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Woman Warrior - Women in the Traditional Chinese Culture

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Women in the traditional Chinese culture were disrespected and abused. Women were expected to stay in their homes where they would serve their families. Women dependent on their fathers and once they married, their husband had control over them. Even though Kingston's mother wishes for her daughter to be a proper, submissive Chinese woman and tells her stories to that end, Kingston uses these stories to define herself as a strong warrior woman.

The first story to which Kingston relates to, is the one her mother, Brave Orchid, tells her about Kingston's aunt who committed suicide. When Kingston's aunt gave birth to a child while her husband was working in America, the people from Kingston's aunt village attacked and destroyed her aunts family's house and crops. In the morning, Brave Orchid was the one who found the body of Kingston's aunt and her baby in the family's well. By telling this story to her daughter, Brave Orchid hopes that the fear of humiliating her family and death will keep Kingston from premarital sex. Brave Orchid goes on saying that "Now that you have started to menstruate, what happened to her could happen to you. Don't humiliate us. You wouldn't like to be forgotten as if you had never been born. The villagers are watchful"(4). By saying this, Brave Orchid is warning her daughter not to humiliate her family. Kingston has knowledge of her mother's techniques of giving advice and says, "Whenever she had to warn us about life, my mother told stories that ran like this one [about Kingston's aunt], a story to grow up on"(5). However Kingston has trouble understanding the point her mother wants to convey and she says, "Those of us in the first American generation have had to figure out how the invisible world the emigrants built around our childhoods fits in solid America"(5). Kingston refers to China as "invisible"(5) because it is a place she hears about, and she refers to America as "solid"(5) because not only she lives there, but she also in contact with Americans on a daily basis.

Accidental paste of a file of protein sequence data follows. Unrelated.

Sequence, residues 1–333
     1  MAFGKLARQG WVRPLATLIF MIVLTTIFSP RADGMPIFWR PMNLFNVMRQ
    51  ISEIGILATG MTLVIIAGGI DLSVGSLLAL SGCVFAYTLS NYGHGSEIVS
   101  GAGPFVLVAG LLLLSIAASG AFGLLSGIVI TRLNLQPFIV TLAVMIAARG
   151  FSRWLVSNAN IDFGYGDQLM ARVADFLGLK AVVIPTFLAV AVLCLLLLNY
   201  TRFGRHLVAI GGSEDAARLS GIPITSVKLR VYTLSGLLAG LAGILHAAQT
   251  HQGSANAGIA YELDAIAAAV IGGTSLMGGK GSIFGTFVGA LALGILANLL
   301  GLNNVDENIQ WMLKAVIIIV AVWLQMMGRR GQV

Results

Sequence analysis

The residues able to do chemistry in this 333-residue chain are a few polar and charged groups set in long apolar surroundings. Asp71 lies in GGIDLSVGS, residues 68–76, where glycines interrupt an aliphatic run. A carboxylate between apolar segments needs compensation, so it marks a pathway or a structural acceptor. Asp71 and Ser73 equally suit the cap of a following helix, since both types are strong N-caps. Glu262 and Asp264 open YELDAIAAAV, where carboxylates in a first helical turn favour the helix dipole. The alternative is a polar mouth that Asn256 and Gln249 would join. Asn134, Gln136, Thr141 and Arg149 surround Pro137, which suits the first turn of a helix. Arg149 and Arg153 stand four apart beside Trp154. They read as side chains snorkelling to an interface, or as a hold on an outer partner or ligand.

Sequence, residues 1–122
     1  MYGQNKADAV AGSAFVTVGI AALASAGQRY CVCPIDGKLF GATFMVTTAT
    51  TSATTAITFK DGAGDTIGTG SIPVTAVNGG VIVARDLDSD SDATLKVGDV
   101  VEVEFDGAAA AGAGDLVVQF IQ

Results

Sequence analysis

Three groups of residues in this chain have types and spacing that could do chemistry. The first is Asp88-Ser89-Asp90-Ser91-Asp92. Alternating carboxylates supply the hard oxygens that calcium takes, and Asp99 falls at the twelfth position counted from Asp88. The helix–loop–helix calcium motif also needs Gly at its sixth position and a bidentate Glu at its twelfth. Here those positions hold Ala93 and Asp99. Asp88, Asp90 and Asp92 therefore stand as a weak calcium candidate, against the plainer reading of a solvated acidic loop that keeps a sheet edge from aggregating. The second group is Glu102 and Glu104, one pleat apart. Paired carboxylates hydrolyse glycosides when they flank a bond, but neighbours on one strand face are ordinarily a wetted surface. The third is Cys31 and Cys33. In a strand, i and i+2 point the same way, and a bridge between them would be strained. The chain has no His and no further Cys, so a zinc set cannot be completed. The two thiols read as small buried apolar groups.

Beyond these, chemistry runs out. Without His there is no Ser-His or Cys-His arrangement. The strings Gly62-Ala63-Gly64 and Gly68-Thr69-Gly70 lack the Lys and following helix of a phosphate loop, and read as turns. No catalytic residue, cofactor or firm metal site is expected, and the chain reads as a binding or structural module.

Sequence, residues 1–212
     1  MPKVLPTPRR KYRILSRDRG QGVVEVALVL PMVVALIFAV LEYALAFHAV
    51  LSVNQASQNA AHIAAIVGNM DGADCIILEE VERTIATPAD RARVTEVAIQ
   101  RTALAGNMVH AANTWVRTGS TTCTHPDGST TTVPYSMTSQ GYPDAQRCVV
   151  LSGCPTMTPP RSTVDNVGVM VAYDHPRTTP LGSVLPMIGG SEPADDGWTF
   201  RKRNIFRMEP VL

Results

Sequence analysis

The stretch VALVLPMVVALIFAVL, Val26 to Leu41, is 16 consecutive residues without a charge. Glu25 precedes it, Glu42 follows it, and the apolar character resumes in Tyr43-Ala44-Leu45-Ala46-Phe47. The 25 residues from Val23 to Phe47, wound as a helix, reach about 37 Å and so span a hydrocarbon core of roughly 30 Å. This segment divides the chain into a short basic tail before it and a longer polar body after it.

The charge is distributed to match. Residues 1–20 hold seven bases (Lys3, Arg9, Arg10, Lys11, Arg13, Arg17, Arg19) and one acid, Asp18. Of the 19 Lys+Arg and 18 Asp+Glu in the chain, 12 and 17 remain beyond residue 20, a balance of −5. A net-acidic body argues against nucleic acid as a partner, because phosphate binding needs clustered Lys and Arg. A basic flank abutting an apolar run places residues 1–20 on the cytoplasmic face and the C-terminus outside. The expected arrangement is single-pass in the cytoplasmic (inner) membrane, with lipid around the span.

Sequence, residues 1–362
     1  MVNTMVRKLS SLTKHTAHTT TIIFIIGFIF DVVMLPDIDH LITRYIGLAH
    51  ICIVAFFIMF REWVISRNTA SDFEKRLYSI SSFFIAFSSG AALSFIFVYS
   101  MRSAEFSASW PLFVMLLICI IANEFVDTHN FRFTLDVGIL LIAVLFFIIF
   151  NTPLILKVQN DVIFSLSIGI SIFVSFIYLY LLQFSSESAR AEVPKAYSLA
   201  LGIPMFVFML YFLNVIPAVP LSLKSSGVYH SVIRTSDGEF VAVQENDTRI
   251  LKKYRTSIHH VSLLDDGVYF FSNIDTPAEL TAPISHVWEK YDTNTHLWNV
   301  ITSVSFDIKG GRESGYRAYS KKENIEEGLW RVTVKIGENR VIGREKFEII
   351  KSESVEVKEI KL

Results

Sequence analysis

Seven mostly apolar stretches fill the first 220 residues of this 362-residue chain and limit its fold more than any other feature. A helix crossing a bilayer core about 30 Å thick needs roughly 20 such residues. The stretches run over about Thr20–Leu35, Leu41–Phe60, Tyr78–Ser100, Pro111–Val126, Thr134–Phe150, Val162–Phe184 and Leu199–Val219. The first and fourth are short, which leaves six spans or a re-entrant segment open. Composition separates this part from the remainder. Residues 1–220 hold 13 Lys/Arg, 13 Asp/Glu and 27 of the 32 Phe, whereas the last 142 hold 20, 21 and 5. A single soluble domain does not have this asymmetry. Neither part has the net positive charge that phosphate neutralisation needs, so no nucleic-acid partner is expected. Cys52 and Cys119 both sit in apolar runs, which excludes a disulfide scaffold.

Because Kingston finds her mother's story hard to apply to her American way of living she decides to rewrite it. Kingston rewrites the story with her American understanding of the various reasons that might have caused her aunt's actions. Kingston reflects on the idea of women obeying the men and says, "Women in the old China did not choose. Some men had commanded her to lie with him and be his secret evil"(6). Kingston goes on by saying that, "He was not a stranger because the village housed no strangers....His demand must have surprised, then terrified her. She obeyed him; she always did as she was told"(6). As Kingston rewrites her aunt's story, she discovers some similarities between her aunt and herself: "She brushed her hair back from her forehead, tucking the flaps behind her ears....Opening her fingers, she cleaned the thread, and then rolled it along her hairline and the tops of her eyebrows"(9). She goes on by saying that "My mother did the same to me and my sisters and herself"(9). Kingston also relates to her aunt's rebellion by telling her own version of her aunt's story, regardless of her mother's warnings not to do so, and Kingston concludes the story by saying that, "My aunt haunts me-her ghost drawn to me because now, after fifty years of neglect, I alone devote pages of paper to her, though not origamied into houses and clothes"(16).

The second story to which Kingston relates to, is the one of a woman warrior named Fa Mu Lan, who

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